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Low visibility procedures order updated at Helsinki Airport

Article published
22.06.2015 kl 09:00
An airplane landing to runway.
Low visibility procedures (LVP) are now better than ever at Helsinki Airport after one of the runways of the airport has been upgraded to the instrument landing system (ILS) grade CAT III.

CAT III category runway is equipped with an ILS system, which allows aircraft to land in all weather conditions. The aim of procedures development is to enable the use of Helsinki Airport in increasingly difficult weather conditions in order to ensure that no delays and unnecessary costs are caused to air traffic, for example, due to having to use backup airports.

“Helsinki Airport has developed into a leading hub in traffic between Europe and Asia. The operability of the airport in all conditions is crucially important in order for Finland to be able to retain its position in international air traffic competition,” says Raine Luojus, Director of Air Navigation Services for Finavia.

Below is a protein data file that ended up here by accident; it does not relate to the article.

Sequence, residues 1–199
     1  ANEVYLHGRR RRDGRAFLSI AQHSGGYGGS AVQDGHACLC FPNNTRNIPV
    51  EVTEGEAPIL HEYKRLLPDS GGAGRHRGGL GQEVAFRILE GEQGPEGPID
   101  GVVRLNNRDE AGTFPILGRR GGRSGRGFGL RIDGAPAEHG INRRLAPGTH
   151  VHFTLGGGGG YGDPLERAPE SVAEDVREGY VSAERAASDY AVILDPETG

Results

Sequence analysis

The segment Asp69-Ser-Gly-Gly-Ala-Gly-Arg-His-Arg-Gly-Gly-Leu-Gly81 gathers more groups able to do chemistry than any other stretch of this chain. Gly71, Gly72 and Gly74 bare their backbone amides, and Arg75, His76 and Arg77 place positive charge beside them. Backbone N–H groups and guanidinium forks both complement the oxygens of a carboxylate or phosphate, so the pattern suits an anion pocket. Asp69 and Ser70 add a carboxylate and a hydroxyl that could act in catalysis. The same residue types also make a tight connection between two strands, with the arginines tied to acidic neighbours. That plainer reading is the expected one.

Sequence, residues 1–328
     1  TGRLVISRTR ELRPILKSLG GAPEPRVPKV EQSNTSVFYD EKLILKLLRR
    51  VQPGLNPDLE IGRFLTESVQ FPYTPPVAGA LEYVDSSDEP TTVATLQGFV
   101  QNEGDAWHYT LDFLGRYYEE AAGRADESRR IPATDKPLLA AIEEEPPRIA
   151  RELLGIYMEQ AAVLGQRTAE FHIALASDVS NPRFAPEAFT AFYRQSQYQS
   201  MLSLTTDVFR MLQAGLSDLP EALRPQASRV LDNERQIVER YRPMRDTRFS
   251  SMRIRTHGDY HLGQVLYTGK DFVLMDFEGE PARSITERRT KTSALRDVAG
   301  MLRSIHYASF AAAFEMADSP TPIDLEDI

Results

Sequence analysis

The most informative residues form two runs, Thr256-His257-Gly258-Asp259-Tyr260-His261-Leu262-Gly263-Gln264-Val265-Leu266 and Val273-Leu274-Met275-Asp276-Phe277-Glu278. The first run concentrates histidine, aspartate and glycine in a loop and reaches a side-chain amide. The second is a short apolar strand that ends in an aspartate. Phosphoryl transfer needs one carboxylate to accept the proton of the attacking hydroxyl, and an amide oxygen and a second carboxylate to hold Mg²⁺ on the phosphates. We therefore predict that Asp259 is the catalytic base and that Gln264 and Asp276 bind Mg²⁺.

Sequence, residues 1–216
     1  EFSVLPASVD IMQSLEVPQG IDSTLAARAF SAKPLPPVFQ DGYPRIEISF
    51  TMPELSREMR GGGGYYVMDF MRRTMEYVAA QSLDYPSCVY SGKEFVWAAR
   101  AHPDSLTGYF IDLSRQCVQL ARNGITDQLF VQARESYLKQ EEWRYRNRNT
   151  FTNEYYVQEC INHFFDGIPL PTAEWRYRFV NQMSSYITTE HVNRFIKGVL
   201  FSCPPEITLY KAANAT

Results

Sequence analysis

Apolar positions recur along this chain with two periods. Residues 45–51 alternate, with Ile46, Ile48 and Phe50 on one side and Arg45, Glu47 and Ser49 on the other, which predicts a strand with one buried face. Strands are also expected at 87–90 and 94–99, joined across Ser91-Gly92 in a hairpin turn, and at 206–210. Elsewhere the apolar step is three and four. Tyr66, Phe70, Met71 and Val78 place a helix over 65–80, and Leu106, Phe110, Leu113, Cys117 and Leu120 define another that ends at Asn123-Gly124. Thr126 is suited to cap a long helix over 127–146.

On annual level, the airport has had approximately 15 hours of situations, where landing in CAT II has been impossible due to bad weather conditions. When these situations occur during peak hours, aircraft either have to wait for better weather or land on a backup airport.

“Operational reliability in bad visibility conditions will improve, since CAT III is meant for operation in decision altitudes below 30 metres. If a pilot has no visual contact with the runway lights before that, the aircraft will initiate a go-around procedure and wait for better visibility for landing or head to a backup airport,” says Luojus.

Airlines have also asked for CAT III category for the system that guides the aircraft to the runway. According to statistics, Helsinki Airport should no longer encounter such bad visibility conditions that they would prevent landing in the airport after this upgrade.

The upgraded runway is runway 3 (04 left) from the direction of Espoo, which is the primary approach direction during northerly and north-easterly winds.

People & Aviation